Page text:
The Frenchman, Charlotte, and a reluctant chauffeur had driven into Essenwald, through the outskirts of mud and rushes to its fired foundations of imported German dogma. Their huge car heaved and jolted on the deeply rutted road. It was the first-ever motor caravan, a grandiose collision of baroque parlour and expensive, petrol-driven truck, which he had invented specifically for long-distance travel. During the day, the three travellers would be separated, each sweating in a different compartment of the vehicle, the varnished dark-brown interiors sweltering in the buckling heat. The chauffeur was forced to wear his uniform at all times, even in the blistering temperatures. Only at night would his nakedness be tolerated and his name allowed.
Charlotte was paid to stay close, to be the lifelong companion to her neighbour in the eighth arrondissement. She did this with understanding and gratitude, and because she was drawn to such stray dogs—even the noble ones.
The Frenchman’s mother paid for Charlotte’s attentions, paid for everything. She knew of her son’s weakness and something of his genius. She doted on him, and her love would have devoured him completely if she had not had a greater suitor. That suitor was heroin, and it determinedly won all conflicts of emotion and care. So Charlotte was employed to be her stand-in, the visible female pillar to which the Frenchman would be publicly leashed. This way, he could strain against something external and always have a place to return to, scratch against, and abuse.
Charlotte had a face that should have been loved. Her overpowering eyes said everything that was sensitive and feeling, on a level that hurt. Indeed, hurt was what coloured her gaze, not for herself, but for those around her, who pained and leeched their existence into permanent sadness. She was strong because she was quiet. Not silent, but still. Hers was a beauty of listening and a strength of giving; there was knowing, more than understanding, in the smoulder of her gaze. She saw and felt it all; she gave more love than she received, more than she was ever paid for.
They had been driving for an hour when the Frenchman ordered the car to stop. He smelt blood. They’d been passing through the outskirts of the city, swerving and bumping towards its stony European heart. A shrine tower, one of the many tall, red buildings with wound-like windows, had given off a pungent aroma, its dried-mud surface still showing the prints of the hands that had made it. Goats had been slaughtered there each day for centuries, and one side of the tower was saturated black with blood and milk. He stepped out of the car into the blinding sunlight, the dust still spinning in circles around the stationary wheels.
In this part of the fabled city, the streets were immaculate in their filth. Taking a pair of bone spectacles from their sealskin case, he arranged them over his eyes; the slits narrowed his vision and gated the sun. They had come from Greenland, purchased from a recent explorer of that frozen, barren place.
He was the most ridiculous of travellers, brilliantly prepared for all events, so long as they never happened. His handmade shoes were instantly discoloured by the red earth, as was his cream suit. He stood and glared at the tower, waiting to be noticed by the throng of local passersby. They had seen him, the little man stamping in the ground of arrival, but they were much more interested in his vast, grunting cart, enclosed on all sides. They slowed their pace and drifted towards its metal body, some daring to touch it on its blind side. Soon, the Frenchman would meet the young man who was to become the most significant person in his overcast life, but for that moment the crowd was pressed against the car’s windows, trying to glimpse the interior. The woman inside gripped her small clutch bag. Hiding in the perfumed darkness was her silver derringer, a palm-size pistol of American origin; it sat like a bright comma in the umbered pouch. It was made to fit snugly in the hand when discharged. It was blunt and inaccurate but delivered a lethal slap at short range. The Frenchman had never had any feelings of masculine protection for the fairer sex, even the few he had tolerated and liked. He and his paid companion had been locked in a crude democracy forged from selfishness, desire, and humiliation.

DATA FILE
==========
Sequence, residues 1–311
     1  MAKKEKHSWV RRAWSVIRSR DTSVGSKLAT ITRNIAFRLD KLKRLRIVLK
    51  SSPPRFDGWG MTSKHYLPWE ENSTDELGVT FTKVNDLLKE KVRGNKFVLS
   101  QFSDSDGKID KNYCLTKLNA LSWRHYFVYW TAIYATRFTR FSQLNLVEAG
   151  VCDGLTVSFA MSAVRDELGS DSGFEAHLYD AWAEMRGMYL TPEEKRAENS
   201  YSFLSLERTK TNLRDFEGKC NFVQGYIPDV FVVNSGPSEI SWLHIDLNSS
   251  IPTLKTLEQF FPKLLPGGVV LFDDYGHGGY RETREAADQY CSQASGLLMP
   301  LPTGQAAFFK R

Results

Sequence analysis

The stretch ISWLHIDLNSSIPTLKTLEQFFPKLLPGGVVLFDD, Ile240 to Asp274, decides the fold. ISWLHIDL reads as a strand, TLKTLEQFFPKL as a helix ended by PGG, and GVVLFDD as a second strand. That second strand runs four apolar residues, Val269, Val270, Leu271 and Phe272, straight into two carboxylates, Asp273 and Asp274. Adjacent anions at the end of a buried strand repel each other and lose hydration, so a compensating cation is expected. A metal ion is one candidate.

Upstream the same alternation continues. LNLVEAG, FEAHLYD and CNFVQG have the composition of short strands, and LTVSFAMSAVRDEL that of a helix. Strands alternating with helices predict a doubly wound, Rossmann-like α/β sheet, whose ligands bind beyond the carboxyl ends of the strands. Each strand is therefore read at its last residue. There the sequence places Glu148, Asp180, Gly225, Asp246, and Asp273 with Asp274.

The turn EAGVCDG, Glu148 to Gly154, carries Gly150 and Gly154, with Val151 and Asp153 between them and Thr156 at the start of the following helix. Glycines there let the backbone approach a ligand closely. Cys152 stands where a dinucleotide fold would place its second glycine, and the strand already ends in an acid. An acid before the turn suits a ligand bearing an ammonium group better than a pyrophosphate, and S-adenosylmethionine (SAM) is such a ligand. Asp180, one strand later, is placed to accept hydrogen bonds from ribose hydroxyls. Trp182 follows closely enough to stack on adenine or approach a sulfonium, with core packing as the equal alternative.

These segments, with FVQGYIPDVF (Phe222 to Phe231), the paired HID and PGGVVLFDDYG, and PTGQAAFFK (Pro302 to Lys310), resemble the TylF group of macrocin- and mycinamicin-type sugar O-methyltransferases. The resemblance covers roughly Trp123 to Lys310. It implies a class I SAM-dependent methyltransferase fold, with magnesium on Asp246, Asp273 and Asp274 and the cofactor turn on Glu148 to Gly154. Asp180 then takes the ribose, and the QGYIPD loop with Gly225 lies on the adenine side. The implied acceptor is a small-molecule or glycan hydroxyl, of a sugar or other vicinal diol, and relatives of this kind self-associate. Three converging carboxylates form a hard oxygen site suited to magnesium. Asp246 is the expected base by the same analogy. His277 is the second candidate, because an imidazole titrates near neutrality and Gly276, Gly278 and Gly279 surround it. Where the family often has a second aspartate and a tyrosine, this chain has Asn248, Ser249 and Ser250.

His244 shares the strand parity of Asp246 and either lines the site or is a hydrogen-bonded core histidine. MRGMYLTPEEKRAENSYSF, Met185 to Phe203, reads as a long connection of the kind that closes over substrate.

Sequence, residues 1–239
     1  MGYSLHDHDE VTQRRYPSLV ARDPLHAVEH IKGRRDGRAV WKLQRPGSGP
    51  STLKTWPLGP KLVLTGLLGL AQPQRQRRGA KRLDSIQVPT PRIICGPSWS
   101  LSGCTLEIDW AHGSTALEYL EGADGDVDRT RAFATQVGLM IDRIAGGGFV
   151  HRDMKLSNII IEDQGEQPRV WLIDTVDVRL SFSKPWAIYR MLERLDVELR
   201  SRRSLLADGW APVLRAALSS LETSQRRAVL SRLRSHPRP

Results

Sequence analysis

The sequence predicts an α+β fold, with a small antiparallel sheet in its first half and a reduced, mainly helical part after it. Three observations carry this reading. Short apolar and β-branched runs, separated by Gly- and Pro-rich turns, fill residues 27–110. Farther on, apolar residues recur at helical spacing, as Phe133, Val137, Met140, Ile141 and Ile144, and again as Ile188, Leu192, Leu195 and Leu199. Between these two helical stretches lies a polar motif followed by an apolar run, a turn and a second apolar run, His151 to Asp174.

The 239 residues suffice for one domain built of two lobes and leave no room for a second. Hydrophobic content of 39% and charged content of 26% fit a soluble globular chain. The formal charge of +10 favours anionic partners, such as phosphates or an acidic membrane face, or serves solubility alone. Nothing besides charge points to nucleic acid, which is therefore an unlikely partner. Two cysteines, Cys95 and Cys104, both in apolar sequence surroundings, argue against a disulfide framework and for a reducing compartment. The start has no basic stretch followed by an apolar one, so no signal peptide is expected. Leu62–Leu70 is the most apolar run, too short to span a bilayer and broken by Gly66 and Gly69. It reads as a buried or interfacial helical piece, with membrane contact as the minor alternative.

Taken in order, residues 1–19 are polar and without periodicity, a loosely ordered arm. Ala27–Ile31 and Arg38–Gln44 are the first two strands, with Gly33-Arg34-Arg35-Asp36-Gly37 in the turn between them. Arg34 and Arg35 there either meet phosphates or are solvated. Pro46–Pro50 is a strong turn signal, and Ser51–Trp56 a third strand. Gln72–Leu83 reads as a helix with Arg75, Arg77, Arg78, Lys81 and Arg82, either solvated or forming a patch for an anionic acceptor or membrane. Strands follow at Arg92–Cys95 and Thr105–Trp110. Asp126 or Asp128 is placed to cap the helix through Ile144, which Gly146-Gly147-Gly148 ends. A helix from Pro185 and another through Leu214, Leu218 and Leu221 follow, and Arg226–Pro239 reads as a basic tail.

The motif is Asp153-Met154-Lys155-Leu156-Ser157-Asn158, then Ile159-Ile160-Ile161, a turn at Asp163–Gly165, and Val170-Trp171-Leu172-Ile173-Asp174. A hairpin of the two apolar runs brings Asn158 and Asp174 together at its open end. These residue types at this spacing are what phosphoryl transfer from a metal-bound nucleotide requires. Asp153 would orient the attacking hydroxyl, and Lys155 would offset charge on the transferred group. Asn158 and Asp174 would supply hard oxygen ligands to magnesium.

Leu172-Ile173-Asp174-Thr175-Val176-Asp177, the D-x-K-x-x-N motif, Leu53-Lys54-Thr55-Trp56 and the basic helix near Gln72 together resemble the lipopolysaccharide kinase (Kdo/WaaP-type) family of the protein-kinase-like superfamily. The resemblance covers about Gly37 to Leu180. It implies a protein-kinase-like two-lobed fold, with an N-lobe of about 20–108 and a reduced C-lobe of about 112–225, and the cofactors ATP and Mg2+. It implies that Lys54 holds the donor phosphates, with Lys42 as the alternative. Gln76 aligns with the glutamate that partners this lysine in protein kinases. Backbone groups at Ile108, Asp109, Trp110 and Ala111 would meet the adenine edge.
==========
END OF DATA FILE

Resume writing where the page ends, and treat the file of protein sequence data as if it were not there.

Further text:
Turning his back on the angry chauffeur and the twitching woman, he walked towards the tower in the open street.
A young man had stepped out of the sun, the halo of his head blasted by brightness. “Which is your way, father? Are you lost?” he asked. “Where is your way?” he asked again, in a French that reflected the rippling mirage of sand that surrounded them.
He stared at the young man, speechless as his face came into focus. There was a resonance in his tone that had stirred a place yet unravelled, but nonetheless known, in his scarred heart. In a voice that was eerily subdued, he told the young black man that he was here to see the Vorrh, to gaze on the fabled forest.
The man’s eager smile broadened, and he looked out over the dust and the Frenchman’s shoulder. He pointed a tattooed finger towards the horizon. The Frenchman turned quickly to follow his direction, to look through the crumbling gap between the rows of buildings, where a dark curtain closed off the northernmost aspect of the city with shadow and solid contrast. The redness of earth, animals, plants, and buildings ended at its massive edge.